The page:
“Hypergastrinemia from a gastrinoma tumor causes Zollinger–Ellison syndrome (ZES) leading to gastric acid hypersecretion. Gastrin leads to hypertrophy and hyperplasia of the parietal cells which, in turn, also results in gastric acid hypersecretion. Although a rare disease, it is life threatening. […] ZES can be cured in 30% of patients by surgical resection. More than 50% of patients with control of acid hypersecretion who are not cured will die of tumor-related causes. Surgical resection should, therefore, be pursued whenever possible.” (‘More than 50% of patients with control of acid hypersecretion who are not cured will die of tumor-related causes’ – I’m starting to like my diabetes…)
In chapter 8 it’s noted that 50% of acute liver failure cases in the UK are caused by acetaminophen overdose, and that the various forms of viral hepatitis are behind another 40% of cases.
“Severe infection is not only a common cause of admission to intensive care, but also the most common complication suffered by critically ill patients. […] Hospital-acquired pneumonia (HAP) is defined as a pneumonia diagnosed 48 h or more after admission, which was not incubating at the time of admission. In contrast to the hospital population as a whole (in whom urinary tract and wound infections are more frequent), it is the most common infection in the critically ill, and is associated with a mortality rate of up to 50%.”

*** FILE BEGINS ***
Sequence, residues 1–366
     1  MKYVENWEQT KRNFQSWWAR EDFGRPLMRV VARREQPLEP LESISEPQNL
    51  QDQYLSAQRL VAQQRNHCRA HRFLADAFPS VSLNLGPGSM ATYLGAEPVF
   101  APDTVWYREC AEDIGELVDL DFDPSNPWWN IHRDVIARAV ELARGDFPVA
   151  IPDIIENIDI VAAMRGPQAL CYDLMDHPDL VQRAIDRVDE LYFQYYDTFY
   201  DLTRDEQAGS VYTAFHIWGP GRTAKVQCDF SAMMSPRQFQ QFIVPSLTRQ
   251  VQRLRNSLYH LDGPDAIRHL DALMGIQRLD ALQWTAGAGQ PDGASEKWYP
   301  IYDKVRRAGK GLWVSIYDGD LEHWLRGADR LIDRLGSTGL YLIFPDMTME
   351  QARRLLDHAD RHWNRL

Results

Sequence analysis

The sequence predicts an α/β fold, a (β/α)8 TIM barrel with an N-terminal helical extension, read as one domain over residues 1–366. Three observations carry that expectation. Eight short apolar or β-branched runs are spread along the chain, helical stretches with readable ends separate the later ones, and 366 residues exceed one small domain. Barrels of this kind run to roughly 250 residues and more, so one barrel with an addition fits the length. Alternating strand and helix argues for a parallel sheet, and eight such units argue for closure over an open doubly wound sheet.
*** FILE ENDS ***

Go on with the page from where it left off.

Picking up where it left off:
No, these are not all caused by the poor hand hygiene of nurses and doctors; 10 specific risk factors are listed and it’s made clear that:
“Although community-acquired pathogens can cause HAP, there is a much higher incidence of infection caused by aerobic Gram-negative bacilli. This is possibly the result of overgrowth of the stomach with intestinal bacteria, or the direct vascular spread of organisms that have translocated across the intestinal wall into the circulation.” On a related note, “There is no clear evidence that duration of residence in itself increases the risk of [nosocomial] bacteremia.” The chapter has some great (and/but brief) descriptions of various antibiotics, antivirals and antifungal medications. Some of the descriptions make it very obvious why such drugs are not always as great as they tend to be made out to be – here’s a presumably well-known example: